October again. You read this bilge, you know the drill: It’s a month for thinking about the lessons time teaches us, and what they’re good for today. Not long ago, I came across an entry in my journal that was written in the summer of 2001 after a company bus trip to a baseball game, and which I have edited somewhat. It’s got nothing to do with music, but it does have to do with the lessons of October, and what might be the most important lesson of all. As is always the case with off-topic posts, you can skip it if you want and you won’t hurt my feelings.
On the bus, we sat near a group of four couples, all in their early-to-middle 20s. Three of the couples were guests of one of my colleagues. They came equipped with a cooler full of Miller Lite. Before we’d gotten anywhere near Milwaukee, they had dug deeper into the cooler for giant bottles of cinnamon schnapps and watermelon schnapps, which they passed around with purposeful enthusiasm, encouraging each other to drink. We saw them later at the game. By that time, all of them had the bleary-eyed look of the walking intoxicated. Several were holding bottles of Lite, the wide-mouth plastic bottles that look like nothing so much as baby bottles—an apt metaphor.
On the bus after the game, two of the guys and one of the girls were completely obliterated. The drama that unfolded next is timeless. One of the guys responded to a playful noogie from the other as a major insult. This set him to ranting, in an inchoate, one-syllable manner, about the nature of truth. “It’s all bullshit,” Truthseeker remarked. “We think we’re telling each other the truth but it’s all bullshit.” (Why he suddenly leaped from noogies to Truth is a mystery to me.) An equally intoxicated companion, Angie, reacted tearfully to this rant, and ended up trading seats with Truthseeker so she could sit next to his girlfriend, Judy, who had looked as if she were going to vomit since before gametime, and who slept most of the way home.
Now Truthseeker was in the same seat with Max, Angie’s boyfriend. We have already established Truthseeker as a belligerent drunk and Angie as a weepy drunk. Max was a stupid drunk—although he hadn’t seemed particularly bright when sober, at the start of the bus ride. The editing function that keeps most of us from making asses of ourselves was completely turned off by the alcoholic smorgasbord Max had consumed over the previous six hours.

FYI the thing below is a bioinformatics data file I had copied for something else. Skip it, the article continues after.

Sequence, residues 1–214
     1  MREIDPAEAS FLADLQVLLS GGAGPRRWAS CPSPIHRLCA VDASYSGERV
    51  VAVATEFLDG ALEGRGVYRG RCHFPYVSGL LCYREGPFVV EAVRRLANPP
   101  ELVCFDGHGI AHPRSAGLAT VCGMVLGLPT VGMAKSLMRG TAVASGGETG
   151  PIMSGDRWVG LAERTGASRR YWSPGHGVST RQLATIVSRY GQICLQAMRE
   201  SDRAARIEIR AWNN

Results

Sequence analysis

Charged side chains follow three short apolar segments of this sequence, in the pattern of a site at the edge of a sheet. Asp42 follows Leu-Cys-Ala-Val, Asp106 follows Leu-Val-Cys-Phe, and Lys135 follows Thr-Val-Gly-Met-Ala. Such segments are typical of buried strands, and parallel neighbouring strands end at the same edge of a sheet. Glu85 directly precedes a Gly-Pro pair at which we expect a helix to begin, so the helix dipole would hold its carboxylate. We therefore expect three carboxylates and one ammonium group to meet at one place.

As the bus rolled west on I-94, Max and Truthseeker plunged into the classic drunk-guy conversation, in which males who would normally eschew such subject matter for fear of seeming gay suddenly start talking about the depths of their friendship and their deepest hopes for finding future happiness, love, joy, and peace. Or that’s how such conversations seem to the intoxicated participants. To a sober observer, they seem a little less coherent. At one point, I guessed it was even money whether Max and Truthseeker would come to blows or start crying.
As we got to Madison, the conversation waned, and Max spiraled into greater stupidity, at one point informing his fellow passengers in a loud voice, “I’ve got a huge boner right now.” I didn’t doubt it. Angie, his girlfriend, a blonde with a too-pretty face and a firm little body, likely kept Max in perpetual bonerhood most of the time. His friends were shushing him by this time, even the ones who had been half-asleep on the ride home. I didn’t see what direction all of them went after leaving the bus—no doubt Truthseeker and Judy went home to get sick, while Max and Angie went away to have five minutes of fumbling sex before passing out.
I do not know what became of Max, Angie, Truthseeker, and Judy, or where they are now, in their mid 30s and far removed from a drunken night they have probably forgotten. This I do know: When we’re young, we can’t see clearly who we are, and our opinions about what our lives are supposed to be about—what Truthseeker and Max were trying to figure out that night—is so much balloon juice. Only when we’re older do we approach something like understanding. Only now do we begin to see ourselves as we really are, and as we really were. Which is idiots, mostly.